Egypt, Turkey, Lebanon, Syria and the Palestinians form another tier. In contrast to the GCC and Yemen, the Levant has witnessed more explicit Saudi-Iranian rivalry and a Saudi effort to roll back Iran’s influence. Yet even within the economic and political strategies pursued by each power on such issues as Lebanon and the Israeli-Palestinian question, there have been nuanced “rules of the game” that tended to dampen sectarian strife and that may now be rejected.

Lebanon may fall into violence with the loss of the “Abdullah factor” and Syria will be more able to pursue its independent regional agenda. Turkey, under the neo-Ottomanist themes that are emerging in Ankara, will likely try to solidify its reach into Saudi Arabia’s domain. Egypt, which is facing a potential succession crisis itself, will watch for signs that the Saudi succession is smooth and observe how the Saudi example may be used in Egypt.

The United States, the United Kingdom and other European states as well as Russia, China, Pakistan and India – the outer core from Riyadh’s point of view – will be watching for any changes in the kingdom that could affect their strategic relations. These touch on counterterrorism policy, energy, arms purchases and training programs, and religious Daawa activities that will likely need to be reviewed.

Overall, several factors will come into play that all of the above countries will be watching closely. Primarily, what type of relationships will emerging Saudi princes have with the aforementioned players and issues? A secondary issue is the WikiLeaks episode and the fall-out from the release of American diplomatic cables. Third are the regional crises and conflicts, notably those involving the Sunni-Shiite divide as well as the eventuality of either attacking Iran over its nuclear weapons program or, alternatively, living with a nuclear Iran.

Continuity in strategic ramifications seems to have been the norm in the past. But Saudi leaders who may be in the line of succession will react and be emboldened by evolving threats, developments and machinations in an increasingly complex Middle Eastern neighborhood and challenging world. In the past few years, the old pan-Arab discourse of “rejection” and “confrontation” has shifted toward the vocabulary of “engagement”: with Israel, with old Arab rivals and, on occasion, with Iran as a form of containment. This may all be rejected during and after Saudi succession.

Theodore Karasik is director of research and development at the Institute for Near East and Gulf Military Analysis in Dubai. This commentary first appeared at, an online newsletter that publishes commentaries on Middle Eastern and Islamic issues.

Jordan Denounces Muslim Brotherhood's Fatwa Against Afghan Role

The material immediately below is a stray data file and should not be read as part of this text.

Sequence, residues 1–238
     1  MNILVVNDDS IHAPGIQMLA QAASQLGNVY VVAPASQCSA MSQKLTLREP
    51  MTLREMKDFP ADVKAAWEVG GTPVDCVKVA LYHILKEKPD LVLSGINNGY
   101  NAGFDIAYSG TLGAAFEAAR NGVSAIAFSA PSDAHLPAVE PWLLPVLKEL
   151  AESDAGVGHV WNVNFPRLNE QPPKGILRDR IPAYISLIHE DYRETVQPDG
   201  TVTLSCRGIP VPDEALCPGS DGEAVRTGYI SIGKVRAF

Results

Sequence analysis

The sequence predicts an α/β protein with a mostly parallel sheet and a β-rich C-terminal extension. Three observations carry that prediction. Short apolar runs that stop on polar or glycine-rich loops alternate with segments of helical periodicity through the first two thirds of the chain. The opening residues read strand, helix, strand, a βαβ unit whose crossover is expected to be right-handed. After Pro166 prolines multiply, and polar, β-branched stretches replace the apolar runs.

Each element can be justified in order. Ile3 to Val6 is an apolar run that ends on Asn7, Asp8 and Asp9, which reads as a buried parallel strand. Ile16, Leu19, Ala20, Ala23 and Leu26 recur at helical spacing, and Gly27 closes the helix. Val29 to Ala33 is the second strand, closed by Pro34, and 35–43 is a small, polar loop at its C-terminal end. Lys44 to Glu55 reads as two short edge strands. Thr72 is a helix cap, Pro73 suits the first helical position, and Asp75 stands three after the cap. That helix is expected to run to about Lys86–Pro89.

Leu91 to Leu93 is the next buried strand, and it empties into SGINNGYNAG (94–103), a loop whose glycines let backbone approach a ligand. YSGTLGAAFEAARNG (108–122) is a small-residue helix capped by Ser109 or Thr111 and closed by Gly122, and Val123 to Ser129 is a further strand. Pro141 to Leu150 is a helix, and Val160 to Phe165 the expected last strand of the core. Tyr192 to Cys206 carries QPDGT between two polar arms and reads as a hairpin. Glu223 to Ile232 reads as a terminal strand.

By Suha Philip Ma'ayeh
This article was published in The National (UAE) on 18/12/2010

AMMAN - Jordan's government body for issuing religious edicts has moved to reaffirm its authority and denounced a fatwa from the Muslim Brotherhood which criticised the kingdom's role in assisting US and Nato troops in Afghanistan.

The department of Ifta issued a statement saying it was the only body in the country authorised to issue fatwas after the Brotherhood's offshoot and the country's main opposition, the Islamic Action Front (IAF), on Sunday banned Muslims from joining non-Muslims in their military presence in Afghanistan. The Jordanian government described the fatwa as "offensive".

"We are the only party to issue edicts on public matters. Nobody asked us to issue a fatwa," the Ifta department said on Thursday.

Jordan, a US ally, has for years maintained silence over its role in Afghanistan. But last year the extent of its involvement was revealed when one of its security agents was killed in a suicide bombing that also killed seven CIA operatives in a military base in Afghanistan.

The Ifta department highlighted the Jordanian army's role in providing help and medical aid in disaster and war-torn areas. It said "no party has the right to question that role".

The government has acknowledged that Jordan operates a field hospital in Afghanistan, but it remains unclear how many Jordanian troops are stationed there.

The fatwa, posted on the IAF's website, said: "Joining the allied forces in Afghanistan and other countries is considered assisting non-Muslims in their aggression against Muslims. This is haram and a [form of] oppression."

The fatwa considered "those who support the Americans and the allied forces in fighting the Muslims, non-Muslims".

The edict seemed to have struck a nerve because it came from IAF religious scholars, said Fouad Hussein, an independent analyst specialising in Islamic movements, and "therefore, it gives it a religious flavour rather than a political one".

It is also came amid growing tensions between the Islamists and the government after the IAF boycotted last month's parliamentary elections to protest against a new electoral law they said was designed to deprive them of votes. They also complained about a gradual loss of democratic gains and civil rights.

"It seems the IAF's fatwa was intended to provoke the government," Mr Hussein said.
Last week, Ayman Safadi, the deputy prime minister and the government's spokesman, defended the army's role in Afghanistan.

"Jordan is proud of the role played by the armed forces and all other security agencies to help our brothers and stand by them, whether in Gaza or Afghanistan or anywhere else in the Arab and Muslim worlds," the state-run Petra News agency quoted him as saying last week.